New leadership at University of Tokyo sets sights on gender parity

The elite University of Tokyo has a gender gap problem. Only one in five of the students in its 2021 intake was female, and that's the best the balance has ever been. But in a sign that things may be changing, the 144-year-old institution has, for the first time ever, an executive board with more women than men. NHK World correspondent Aizawa Yuko spoke to one of the new board members about what the milestone means.

The university’s new executive board convened for the first time in April. Five of its nine members are women.

“I think this is a very important signal not only to the university community, but also to society at large, that the University of Tokyo is changing, and Japanese society is changing,” says Hayashi Kaori, one of the new executive vice presidents and a professor of Media and Journalism Studies.

Hayashi says she hopes the gender balance of the board will help attract more young women to study. She recalls that when she entered university in the 1980s, women were discouraged from taking four-year courses, and many businesses wouldn’t employ women who were living away from their hometowns.

Nearly four decades on, some things haven’t changed much. “I hear that many women outside Tokyo are still reluctant to come all the way here,” she says. “Quite a few people still feel it’s not worth investing in women’s education, so if they go to university, it tends to be at a local institution.”

“If we can attract more women, both as researchers and students, we can create role models not only for the University of Tokyo, but for the entire academic community in Japan and the world,” says Hayashi.

For the last four years, the university has been offering housing subsidies for women as part of a program aimed at remedying the gender imbalance.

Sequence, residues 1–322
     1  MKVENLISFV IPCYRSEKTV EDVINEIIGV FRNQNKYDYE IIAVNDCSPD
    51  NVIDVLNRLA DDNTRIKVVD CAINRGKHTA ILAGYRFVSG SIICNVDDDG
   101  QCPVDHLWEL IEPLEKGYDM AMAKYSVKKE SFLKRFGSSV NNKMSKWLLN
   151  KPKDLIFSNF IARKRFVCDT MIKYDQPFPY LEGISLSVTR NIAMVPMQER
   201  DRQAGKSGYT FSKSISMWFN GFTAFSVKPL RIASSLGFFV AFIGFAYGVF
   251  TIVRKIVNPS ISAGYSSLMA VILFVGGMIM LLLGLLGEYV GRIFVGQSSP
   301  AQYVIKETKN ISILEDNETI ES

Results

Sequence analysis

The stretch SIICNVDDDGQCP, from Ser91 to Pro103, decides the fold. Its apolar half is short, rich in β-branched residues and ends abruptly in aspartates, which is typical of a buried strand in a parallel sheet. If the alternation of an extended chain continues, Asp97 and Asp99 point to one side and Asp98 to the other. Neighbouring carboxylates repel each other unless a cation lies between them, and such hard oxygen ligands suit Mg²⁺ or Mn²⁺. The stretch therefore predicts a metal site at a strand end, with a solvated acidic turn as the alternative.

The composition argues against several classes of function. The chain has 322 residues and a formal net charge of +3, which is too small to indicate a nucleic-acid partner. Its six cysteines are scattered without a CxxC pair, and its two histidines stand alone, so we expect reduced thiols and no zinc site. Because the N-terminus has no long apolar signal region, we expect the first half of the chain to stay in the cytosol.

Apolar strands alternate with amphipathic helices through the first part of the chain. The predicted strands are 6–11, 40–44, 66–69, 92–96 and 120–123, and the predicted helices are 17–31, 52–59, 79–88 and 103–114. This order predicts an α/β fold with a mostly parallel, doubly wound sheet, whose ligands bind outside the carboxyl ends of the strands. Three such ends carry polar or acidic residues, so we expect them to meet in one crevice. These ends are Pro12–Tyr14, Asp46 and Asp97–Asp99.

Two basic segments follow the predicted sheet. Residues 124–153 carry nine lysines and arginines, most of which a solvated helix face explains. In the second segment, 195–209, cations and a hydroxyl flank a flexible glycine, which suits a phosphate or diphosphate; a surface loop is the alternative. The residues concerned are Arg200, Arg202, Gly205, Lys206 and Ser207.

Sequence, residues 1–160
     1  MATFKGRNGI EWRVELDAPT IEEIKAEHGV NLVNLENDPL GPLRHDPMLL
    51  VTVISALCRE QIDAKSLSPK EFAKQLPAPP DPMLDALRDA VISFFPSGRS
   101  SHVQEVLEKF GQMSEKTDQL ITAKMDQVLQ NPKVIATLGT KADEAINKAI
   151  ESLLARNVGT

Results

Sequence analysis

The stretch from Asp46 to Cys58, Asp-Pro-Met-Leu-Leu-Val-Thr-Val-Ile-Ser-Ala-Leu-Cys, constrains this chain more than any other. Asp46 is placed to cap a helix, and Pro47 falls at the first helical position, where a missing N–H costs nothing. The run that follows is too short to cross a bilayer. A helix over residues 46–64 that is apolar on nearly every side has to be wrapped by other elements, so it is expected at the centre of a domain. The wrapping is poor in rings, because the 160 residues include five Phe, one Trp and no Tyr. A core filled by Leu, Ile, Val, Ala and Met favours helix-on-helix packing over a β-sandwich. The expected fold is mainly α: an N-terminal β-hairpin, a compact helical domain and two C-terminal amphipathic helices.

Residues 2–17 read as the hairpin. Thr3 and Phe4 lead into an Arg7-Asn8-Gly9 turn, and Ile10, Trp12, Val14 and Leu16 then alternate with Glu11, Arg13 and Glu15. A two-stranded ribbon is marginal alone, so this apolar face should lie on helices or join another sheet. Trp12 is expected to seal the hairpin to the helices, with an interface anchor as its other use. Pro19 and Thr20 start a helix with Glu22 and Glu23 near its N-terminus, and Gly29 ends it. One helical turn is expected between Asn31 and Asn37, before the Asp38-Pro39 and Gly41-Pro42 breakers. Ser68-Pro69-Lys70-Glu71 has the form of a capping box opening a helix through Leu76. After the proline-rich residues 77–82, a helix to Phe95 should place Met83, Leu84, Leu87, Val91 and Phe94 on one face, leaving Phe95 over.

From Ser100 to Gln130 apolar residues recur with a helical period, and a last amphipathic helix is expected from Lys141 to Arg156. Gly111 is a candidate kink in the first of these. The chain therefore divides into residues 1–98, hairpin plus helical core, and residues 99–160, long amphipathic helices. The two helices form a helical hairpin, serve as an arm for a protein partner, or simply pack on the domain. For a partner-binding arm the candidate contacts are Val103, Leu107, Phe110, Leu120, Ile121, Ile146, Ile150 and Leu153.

Entrance ceremony
The University of Tokyo has produced more bureaucrats and business leaders than any other university in Japan.

The World Economic Forum’s Global Gender Gap Index this year ranked Japan 120th of 156 nations. Hayashi says part of the reason the university felt it was important to have a majority of women on the board was that Japan as a whole has so much catching up to do.

“It’s about more than just a policy for our university,” she says. “It’s a broader philosophical endeavor. We’re sending a message that we are changing.”

But she says gender parity shouldn’t be the only priority. Hayashi believes the university needs to embrace diversity in all its forms for the good of the students.

“It gives them a competitive edge,” she says. “I’ve had students from Russia, Ukraine, Brazil, Australia, Korea, China, as well as Japan, and each student has different perspectives. They offer ideas and new insights and other students respond.”

The new board is now discussing the idea of including lessons on diversity in the curriculum. Hayashi says she hopes what they achieve at the university will impact Japanese society as a whole.

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